- Historic Sites
A Reasonable Doubt
HISTORY AT MIDDLE DISTANCE The charge was rape. The accuser was a southern white woman, the accused were Negroes. But what kind of woman was Victoria Price? And what had really happened aboard that freight train?
October 1968 | Volume 19, Issue 6
“When you got to the doctor’s office, were you not crying in any way?” Leibowitz asked. “I had just hushed crying, the best I remember I was crying—I won’t say, I ain’t positive,” Victoria said crossly. To the attentive courtroom, Leibowitz recalled Mrs. Price’s story in the original trials: that she and Ruby had gone to Chattanooga looking for work and on the night of March 24 had stayed at Mrs. Gallic Brochie’s boardinghouse on Seventh Street. The next morning, both girls had testified, they fruitlessly searched for a job in the city’s cotton mills before boarding the Huntsville-bound freight at 11 A.M.
Leibowitz pointed out that Mrs. Price had said Mrs. Brochie’s house was three or four blocks from the train yards. Wouldn’t you rather say it was two miles? asked Leibowitz. “No sir, I wouldn’t say two miles,” she replied. “Suppose I told you that Seventh Street in Chattanooga, the nearest point … to the railroad yards of the Southern Railroad is two miles and show you the map, would that refresh your recollection?” he asked sarcastically. “I don’t know,” retorted an equally sarcastic Victoria, “I haven’t got a good enough education.” When he challenged her entire account of the overnight stay in Chattanooga, she broke in, shouting, “That’s some of Ruby Bates’s dope,” and added: “I do know one thing, those Negroes and this Haywood Patterson raped me.” Leibowitz stood and stared at her for a moment. She was, he told her, “a little bit of an actress.” “You’re a pretty good actor yourself,” she quickly replied.
After a few questions about her activities on the day before the alleged incident, the tone of Leibowitz’s voice suddenly changed. Gravely, he asked Mrs. Price: “Do you know a man by the name of Lester Carter?” She thought he was one of the white boys thrown from the train, she replied. “Mrs. Price, I … want to ask you that question again and give you an opportunity to change your answer if you want to,” said Leibowitz. “Did you know Lester Carter before that day, Yes or No?” By his intense expression, spectators in the courtroom knew the question was crucial; they leaned forward to hear her answer. Mrs. Price, losing her composure for the first time, mumbled: “Before in Scottsboro—he—was on the train.” “I didn’t ask you that,” said Leibowitz. “Before this day on the train did you know Lester Carter?” “I never did know him,” she said firmly.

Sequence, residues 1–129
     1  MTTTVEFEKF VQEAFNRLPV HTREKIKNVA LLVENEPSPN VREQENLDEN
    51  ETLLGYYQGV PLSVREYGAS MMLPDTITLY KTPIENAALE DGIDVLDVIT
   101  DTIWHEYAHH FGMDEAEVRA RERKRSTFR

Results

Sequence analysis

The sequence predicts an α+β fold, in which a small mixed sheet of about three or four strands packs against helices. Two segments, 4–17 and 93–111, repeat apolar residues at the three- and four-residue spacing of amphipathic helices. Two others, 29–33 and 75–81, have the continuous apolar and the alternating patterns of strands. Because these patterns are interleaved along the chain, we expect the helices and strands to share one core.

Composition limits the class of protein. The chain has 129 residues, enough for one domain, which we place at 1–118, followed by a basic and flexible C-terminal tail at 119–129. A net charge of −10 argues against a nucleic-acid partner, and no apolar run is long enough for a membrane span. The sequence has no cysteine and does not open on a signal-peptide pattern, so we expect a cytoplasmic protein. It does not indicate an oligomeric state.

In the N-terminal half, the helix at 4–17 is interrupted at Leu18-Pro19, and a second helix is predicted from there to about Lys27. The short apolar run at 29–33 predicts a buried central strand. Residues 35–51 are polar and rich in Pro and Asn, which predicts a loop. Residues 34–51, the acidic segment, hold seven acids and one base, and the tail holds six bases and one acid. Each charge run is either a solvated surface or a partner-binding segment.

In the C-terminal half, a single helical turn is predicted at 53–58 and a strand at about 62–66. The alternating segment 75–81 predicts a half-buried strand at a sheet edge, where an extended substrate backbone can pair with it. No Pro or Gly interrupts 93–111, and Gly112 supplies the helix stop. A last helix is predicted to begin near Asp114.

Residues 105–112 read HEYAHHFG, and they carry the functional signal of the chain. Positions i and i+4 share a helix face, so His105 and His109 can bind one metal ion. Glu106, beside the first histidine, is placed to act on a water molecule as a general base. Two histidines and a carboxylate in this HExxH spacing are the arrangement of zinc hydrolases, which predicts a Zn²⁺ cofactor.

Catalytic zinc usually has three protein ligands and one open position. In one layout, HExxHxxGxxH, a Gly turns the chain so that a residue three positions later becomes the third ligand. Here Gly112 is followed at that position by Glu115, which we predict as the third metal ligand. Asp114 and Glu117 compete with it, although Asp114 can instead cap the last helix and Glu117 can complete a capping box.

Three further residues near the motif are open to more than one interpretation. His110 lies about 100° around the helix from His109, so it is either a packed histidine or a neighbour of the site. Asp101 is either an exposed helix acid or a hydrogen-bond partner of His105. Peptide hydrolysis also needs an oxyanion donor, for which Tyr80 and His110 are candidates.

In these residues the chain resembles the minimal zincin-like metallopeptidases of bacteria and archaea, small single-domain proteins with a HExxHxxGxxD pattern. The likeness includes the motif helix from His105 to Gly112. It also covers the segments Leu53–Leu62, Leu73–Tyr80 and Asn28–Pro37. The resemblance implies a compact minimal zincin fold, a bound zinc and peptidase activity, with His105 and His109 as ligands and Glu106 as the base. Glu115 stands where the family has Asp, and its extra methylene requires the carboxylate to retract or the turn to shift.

He continued in the same low voice. Had she asked a companion of hers “to pose as your brother, since you didn’t want the authorities to know you were travelling across the state line from Chattanooga … [with] somebody with you?” Mrs. Price looked to the table where Knight sat and then back at Leibowitz. “If I said that I must have been out of my mind.” “Did you say it?” he asked firmly. Shouting, she clenched the arms of her chair. “If I said it I must have been out of my mind!”
Leibowitz questioned Mrs. Price about Jack Tiller, the married man with whom she had been convicted of adultery. “Did you have intercourse with Tiller a short time before you left Huntsville [for Chattanooga]?” She shook her head emphatically. “In the railroad yards?” he asked, still in the same quiet voice. “I have told you three times, and I am not telling you any more—no, sir, I didn’t.” Leibowitz returned to Carter. He asked her again if she had arranged with Carter, or “whatever man that was with you, [that] he wasn’t supposed to know you on the train because you were afraid to cross the state line and [were afraid of] being locked up for the Mann Act?” She turned angrily to Judge Horton: “I haven’t heard no such stuff,” she shouted. “That is some of Ruby’s dope he has got.”
Relentlessly the chief defense attorney continued to probe. He asked Mrs. Price once more where she had spent the night before the alleged assault. Perhaps in a hobo jungle? he asked slyly. Victoria stared at him, her eyes filled with hatred. Columnist Mary Heaton Vorse, one of only two women in the courtroom, found it impossible to describe her “appalling hardness.” Only two years before, reporters had described Mrs. Price as “pretty and vivacious.” Now, with her hair tightly curled in a new permanent and her face heavily rouged, she seemed more than “tough,” Miss Vorse wrote. She was “terrifying in her depravity.” Through clenched teeth Mrs. Price repeated again the account of how she had stayed with Mrs. Brochie while she looked for work. Leibowitz asked her if she didn’t want to change her story. She shook her head. “By the way, Mrs. Price,” said Leibowitz with open disgust, “as a matter of fact, the name of Mrs. Callie [Brochie] you apply to this boardinghouse lady is the name of a boardinghouse lady used by Octavius Roy Cohn in the Saturday Evening Post stories—Sis Callie, isn’t that where you got the name?” Knight jumped to his feet in protest and Judge Horton sustained his objection. Leibowitz, however, had dramatically made his point; he was pleased with the results of his cross-examination.